Aaron Black calls it “hand-to-hand combat”: the time-consuming, painful battle to convert a Tower of Babel of information into life-saving guidance for doctors and researchers.
Black is chief data officer at the Inova Translational Medical Institute, a nonprofit that gathers genomic information to support precision healthcare. He and his colleagues analyze hundreds of datasets to identify correlations that can help doctors make better diagnostic and treatment decisions. But the chore of reconciling those databases—terabytes of information, often in incompatible formats—can clog the gears. Black says that data-management chores might typically saddle a bioinformatics expert with 40 hours a month of spreadsheet wrangling.
These days, however, data-visualization technology is helping Black’s team find shortcuts to the information they care about. Inova works with Tableau (data), a Seattle-based analytics software firm that specializes in converting “dirty data” into graphics and dashboards that even data science newbies can interpret more quickly.
Read more on this topic in our feature, Tech’s Next Big Wave: Big Data Meets Biology.
Data visualization as a concept, of course, is hardly new (ask anyone who used crayons to color in a pie chart in grade school). But easy-to-understand representation of data has become a more urgent need in the digital era, as the speedy processing of information has become more central to all kinds of professional decision-making. “Companies now want analytics to be used by tens of thousands of their employees, rather than just the specialists,” says Adam Selipsky, a veteran of Amazon’s cloud-services division who became Tableau’s CEO in August 2016.
Tech giants like Microsoft, Google and SAP have all expanded their data-visualization offerings in recent years; among independent players, Tableau is one of the biggest. Launched by two grad students and a professor at Stanford in 2003, the company now claims 70,000 customer accounts, including 90% of the Fortune 500 along with multiple government agencies; it had $877 million in revenue in 2017.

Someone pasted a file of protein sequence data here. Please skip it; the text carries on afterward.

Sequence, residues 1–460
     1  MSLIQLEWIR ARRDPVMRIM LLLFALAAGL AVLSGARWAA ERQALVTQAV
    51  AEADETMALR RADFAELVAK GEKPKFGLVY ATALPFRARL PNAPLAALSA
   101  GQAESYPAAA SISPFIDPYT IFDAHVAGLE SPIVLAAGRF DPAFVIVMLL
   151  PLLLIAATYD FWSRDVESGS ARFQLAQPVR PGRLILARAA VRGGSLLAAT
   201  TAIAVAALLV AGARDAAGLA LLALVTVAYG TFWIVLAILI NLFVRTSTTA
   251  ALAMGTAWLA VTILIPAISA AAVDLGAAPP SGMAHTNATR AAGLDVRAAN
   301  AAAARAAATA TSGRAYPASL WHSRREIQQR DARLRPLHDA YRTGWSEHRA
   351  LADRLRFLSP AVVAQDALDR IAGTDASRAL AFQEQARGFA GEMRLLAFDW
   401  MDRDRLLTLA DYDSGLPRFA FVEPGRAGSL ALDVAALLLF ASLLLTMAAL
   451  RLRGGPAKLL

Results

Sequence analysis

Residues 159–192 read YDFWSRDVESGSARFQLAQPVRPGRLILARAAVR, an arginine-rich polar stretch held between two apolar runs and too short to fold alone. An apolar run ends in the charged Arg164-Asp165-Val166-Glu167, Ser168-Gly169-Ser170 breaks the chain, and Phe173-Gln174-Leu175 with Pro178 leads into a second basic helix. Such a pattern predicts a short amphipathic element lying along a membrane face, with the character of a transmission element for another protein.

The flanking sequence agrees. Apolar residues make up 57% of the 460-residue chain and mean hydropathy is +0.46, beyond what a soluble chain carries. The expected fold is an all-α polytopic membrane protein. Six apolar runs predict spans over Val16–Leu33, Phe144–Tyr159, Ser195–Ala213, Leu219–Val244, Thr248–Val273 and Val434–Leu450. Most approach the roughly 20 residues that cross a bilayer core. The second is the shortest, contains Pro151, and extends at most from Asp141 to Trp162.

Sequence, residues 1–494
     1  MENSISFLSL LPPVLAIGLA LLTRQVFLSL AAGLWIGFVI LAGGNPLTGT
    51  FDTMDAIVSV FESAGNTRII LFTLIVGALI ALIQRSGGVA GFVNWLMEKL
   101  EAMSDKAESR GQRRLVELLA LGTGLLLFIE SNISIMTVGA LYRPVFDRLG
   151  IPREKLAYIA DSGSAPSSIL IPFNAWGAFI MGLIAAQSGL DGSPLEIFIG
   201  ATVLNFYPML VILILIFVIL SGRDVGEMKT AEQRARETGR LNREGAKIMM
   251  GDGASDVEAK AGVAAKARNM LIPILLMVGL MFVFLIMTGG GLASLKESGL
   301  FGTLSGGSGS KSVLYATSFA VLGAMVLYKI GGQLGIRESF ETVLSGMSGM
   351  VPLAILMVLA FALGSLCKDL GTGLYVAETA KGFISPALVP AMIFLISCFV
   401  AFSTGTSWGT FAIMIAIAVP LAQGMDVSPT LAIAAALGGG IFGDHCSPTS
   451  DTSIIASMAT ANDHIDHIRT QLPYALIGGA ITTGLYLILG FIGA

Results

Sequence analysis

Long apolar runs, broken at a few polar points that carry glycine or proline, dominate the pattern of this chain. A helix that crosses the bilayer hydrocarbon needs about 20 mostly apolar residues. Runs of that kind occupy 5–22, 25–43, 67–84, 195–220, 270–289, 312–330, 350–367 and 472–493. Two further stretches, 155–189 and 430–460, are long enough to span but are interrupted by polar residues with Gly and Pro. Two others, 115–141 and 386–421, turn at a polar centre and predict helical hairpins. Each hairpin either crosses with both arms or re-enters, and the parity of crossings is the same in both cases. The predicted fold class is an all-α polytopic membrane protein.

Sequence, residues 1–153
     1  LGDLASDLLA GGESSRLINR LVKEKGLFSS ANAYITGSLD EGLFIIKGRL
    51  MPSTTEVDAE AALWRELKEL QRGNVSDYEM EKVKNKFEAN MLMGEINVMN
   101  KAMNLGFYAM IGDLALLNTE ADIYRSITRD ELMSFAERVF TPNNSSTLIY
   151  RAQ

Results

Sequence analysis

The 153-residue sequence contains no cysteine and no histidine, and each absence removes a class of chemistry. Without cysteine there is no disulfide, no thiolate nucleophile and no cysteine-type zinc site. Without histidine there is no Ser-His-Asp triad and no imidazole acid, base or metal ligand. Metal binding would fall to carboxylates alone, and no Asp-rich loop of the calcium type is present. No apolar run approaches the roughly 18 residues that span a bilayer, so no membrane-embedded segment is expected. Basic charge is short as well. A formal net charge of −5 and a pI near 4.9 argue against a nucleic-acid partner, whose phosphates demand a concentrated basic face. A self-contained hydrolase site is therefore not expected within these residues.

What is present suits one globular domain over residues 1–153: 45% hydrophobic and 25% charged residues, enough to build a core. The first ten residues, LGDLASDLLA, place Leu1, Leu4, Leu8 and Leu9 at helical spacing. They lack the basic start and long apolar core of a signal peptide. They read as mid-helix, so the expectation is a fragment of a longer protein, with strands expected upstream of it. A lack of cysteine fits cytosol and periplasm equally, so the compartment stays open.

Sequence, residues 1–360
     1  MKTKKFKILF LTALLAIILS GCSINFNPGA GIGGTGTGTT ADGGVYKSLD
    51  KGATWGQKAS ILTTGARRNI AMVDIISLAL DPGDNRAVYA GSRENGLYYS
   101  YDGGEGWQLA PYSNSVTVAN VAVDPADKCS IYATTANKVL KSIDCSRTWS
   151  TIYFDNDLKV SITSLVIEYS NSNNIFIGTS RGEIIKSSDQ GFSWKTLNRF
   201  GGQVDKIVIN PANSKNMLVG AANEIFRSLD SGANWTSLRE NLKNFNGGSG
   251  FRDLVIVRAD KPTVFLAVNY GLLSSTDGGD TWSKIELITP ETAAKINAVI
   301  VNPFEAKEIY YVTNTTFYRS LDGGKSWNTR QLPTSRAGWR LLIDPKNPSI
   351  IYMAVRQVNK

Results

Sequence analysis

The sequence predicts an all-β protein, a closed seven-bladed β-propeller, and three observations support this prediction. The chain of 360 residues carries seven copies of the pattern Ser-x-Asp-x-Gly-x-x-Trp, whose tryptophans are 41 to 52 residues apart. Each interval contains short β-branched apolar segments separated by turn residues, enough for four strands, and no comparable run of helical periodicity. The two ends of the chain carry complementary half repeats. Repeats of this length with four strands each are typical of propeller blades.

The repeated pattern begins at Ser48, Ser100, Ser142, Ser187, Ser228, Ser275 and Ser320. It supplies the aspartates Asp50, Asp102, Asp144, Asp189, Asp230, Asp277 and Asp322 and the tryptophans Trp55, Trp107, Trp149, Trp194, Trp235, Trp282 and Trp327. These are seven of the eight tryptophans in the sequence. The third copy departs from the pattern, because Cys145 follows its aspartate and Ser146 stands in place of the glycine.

While they’re used in milieus ranging from Major League Baseball to aerospace manufacturing, Tableau’s visualization and pattern-recognition capabilities have had a particularly big impact in the medical and public health communities. In Cincinnati, for example, the city government has used Tableau to build dashboards that help it recognize geographical and timing patterns in heroin-overdose emergency calls—which in turn helps them deploy police and EMTs in targeted ways to enable faster responses. In southern Africa, Tableau software powers disease-surveillance systems that have helped bring about sharp declines in malaria infections.
The software has also won fans within big hospital systems, where doctors and nurses use its visualizations to spot the kinds of problems that can worsen patients’ health problems and drive up costs. Massachusetts General Hospital says it used Tableau analytics to reduce rates of hospital-acquired infections—the hospital system was able to reduce catheter-related urinary tract infections, for example, by 85%. And the prestigious Cleveland Clinic used the company’s tools to identify the patients who were most at risk of potentially avoidable emergency-room admission, a step that enabled them to reach out to those patients proactively and provide them with care less expensively and more safely.
Tableau has been widening access to its software by transitioning to a subscription model, which means a smaller up-front investment for customers. “Instead of marrying their software, they get to date it,” jokes Selipsky. And a recent upgrade to Tableau’s platform, using a technology called Hyper, has sped up by an average of 5x the time it takes for its software to ingest and analyze new data. (The advance involves a process called parallelization; the company explains it here.)
The result is that Tableau users can update their visualizations almost instantaneously to reflect new information. At Inova, that kind of speed has been enabling doctors to quickly diagnose genetic diseases in newborns, and makes it easier for pharmacists to prescribe medications that match a patient’s genetic makeup. “They light up when they see the technology,” Black says of the clinicians in his network. “You’ve changed how effective they can be.”